Mosquito responsible for majority of Zika infections found in Canada for first time

Staff from the Windsor-Essex County Health Unit recently trapped the insect, a discovery health officials believe signals the species is becoming established in southern Ontario.

Discovery points to species becoming established in Ontario

This 2006 photograph shows a female Aedes aegypti mosquito while she was in the process of acquiring a blood meal. (Frank Hadley Collins/Centers for Disease Control and Prevention)

An adult Aedes aegypti mosquito, the species responsible for the majority of human Zika virus cases, has been found in Canada for the first time.

Staff from the Windsor-Essex County Health Unit recently found the insect in a trap, a discovery health officials believe signals the species is becoming established in southern Ontario.

"It was just in such good shape, we are absolutely 100 per cent sure of what species it is," said Fiona Hunter, from Brock University, who heads up the lab that tested Windsor's mosquitoes. "It didn't just blow in from the (United) States."

Last week, the health unit revealed two Aedes albopictus mosquitoes, also known as the Asian tiger mosquito, had also been found in the area.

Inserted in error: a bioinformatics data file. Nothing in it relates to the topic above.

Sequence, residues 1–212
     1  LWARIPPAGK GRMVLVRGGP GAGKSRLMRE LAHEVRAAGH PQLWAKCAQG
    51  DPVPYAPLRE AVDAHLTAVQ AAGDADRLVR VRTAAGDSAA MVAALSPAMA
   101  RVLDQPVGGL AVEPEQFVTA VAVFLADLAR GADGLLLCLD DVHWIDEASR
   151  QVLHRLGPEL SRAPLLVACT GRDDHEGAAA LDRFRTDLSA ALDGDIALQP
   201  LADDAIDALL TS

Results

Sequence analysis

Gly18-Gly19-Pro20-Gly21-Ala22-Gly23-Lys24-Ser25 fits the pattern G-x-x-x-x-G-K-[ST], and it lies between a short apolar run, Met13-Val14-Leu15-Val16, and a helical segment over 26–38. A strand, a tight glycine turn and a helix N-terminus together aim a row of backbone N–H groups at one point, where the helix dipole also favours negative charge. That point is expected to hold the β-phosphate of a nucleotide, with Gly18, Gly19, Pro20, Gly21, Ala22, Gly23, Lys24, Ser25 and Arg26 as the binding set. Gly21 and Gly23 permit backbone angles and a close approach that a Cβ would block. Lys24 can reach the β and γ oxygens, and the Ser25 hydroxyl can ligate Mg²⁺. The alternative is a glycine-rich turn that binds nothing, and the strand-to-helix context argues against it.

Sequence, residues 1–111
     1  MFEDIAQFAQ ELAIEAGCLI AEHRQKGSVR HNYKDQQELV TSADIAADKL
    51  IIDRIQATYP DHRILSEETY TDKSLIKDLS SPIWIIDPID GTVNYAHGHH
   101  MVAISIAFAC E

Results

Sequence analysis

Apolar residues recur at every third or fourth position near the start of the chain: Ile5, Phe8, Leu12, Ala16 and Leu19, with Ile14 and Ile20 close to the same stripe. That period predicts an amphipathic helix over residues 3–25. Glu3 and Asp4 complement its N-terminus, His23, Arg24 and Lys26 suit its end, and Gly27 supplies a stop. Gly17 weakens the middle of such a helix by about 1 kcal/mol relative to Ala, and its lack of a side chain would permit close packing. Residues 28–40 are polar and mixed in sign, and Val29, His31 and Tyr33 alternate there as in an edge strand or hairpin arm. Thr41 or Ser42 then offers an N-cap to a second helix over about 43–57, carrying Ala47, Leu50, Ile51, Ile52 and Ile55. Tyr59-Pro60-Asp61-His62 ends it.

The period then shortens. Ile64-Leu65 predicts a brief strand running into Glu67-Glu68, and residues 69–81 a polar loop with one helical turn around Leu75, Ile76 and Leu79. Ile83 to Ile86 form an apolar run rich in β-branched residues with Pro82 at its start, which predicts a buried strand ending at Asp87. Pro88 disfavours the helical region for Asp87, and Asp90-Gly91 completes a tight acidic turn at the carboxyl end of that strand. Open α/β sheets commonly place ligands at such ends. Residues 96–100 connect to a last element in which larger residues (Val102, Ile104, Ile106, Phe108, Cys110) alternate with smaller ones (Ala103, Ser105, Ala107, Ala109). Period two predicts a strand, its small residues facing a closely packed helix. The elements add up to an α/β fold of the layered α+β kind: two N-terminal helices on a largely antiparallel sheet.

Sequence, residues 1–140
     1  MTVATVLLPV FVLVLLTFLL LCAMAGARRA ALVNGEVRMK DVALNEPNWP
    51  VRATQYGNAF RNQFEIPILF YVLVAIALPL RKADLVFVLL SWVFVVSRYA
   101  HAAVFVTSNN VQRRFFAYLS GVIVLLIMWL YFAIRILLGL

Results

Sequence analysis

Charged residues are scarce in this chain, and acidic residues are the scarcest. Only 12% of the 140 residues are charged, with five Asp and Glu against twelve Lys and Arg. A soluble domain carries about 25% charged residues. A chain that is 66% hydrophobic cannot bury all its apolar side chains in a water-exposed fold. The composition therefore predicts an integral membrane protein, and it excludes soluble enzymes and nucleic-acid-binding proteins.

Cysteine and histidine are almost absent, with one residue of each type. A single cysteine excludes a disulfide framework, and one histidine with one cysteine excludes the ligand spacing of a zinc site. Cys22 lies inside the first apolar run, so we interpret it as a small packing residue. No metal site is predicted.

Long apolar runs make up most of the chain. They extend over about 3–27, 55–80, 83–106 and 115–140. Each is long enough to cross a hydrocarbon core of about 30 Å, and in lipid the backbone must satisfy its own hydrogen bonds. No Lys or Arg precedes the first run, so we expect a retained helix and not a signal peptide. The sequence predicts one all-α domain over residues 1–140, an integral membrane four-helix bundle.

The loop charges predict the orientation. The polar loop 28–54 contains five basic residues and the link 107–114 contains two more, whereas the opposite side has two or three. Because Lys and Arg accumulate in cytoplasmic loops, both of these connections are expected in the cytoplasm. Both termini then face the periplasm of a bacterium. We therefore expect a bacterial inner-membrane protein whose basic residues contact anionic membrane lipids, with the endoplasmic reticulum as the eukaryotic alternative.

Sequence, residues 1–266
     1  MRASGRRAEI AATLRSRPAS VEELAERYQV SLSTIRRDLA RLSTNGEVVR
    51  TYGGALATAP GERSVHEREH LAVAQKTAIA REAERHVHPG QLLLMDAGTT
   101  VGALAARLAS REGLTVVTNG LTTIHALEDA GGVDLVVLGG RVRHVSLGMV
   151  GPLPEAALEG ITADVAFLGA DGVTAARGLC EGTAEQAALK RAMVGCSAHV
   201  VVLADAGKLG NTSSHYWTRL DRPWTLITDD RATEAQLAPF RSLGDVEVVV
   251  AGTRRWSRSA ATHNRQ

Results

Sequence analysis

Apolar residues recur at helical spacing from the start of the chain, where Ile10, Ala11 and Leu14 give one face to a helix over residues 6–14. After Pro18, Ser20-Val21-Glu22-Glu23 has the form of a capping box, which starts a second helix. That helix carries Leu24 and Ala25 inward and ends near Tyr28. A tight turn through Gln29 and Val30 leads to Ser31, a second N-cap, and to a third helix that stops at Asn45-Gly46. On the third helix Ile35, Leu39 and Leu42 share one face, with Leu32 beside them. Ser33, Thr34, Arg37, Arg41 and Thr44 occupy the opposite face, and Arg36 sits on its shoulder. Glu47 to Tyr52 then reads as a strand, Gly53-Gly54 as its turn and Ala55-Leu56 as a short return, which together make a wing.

"Once they establish themselves here it would be more difficult to control and maybe we'll see some diseases we haven't seen before," said Dr. Wajid Ahmed, the region's acting medical officer of health, at the time.

Having the Asian tiger show up in Canada was a bit of a surprise, considering it wasn't expected to migrate north for at least another decade, Hunter explained. But the odds of it arriving is still higher than the latest species. 

"The Asian tiger mosquito is known to exist farther north in the (United) States ... but Aedes aegypti is supposed to be sub-tropical, so what on earth is it doing here?"

All Aedes mosquitoes found in Windsor-Essex so far have tested negative for both the Zika and West Nile virus. Given there are no active cases of the diseases, there's less cause for alarm, according to Hunter. 

"I think it's alarming — for the country — that our climate is changing," she said. "In the last decade we've added another 10 mosquito species to our endemic list ... so we know something is going on."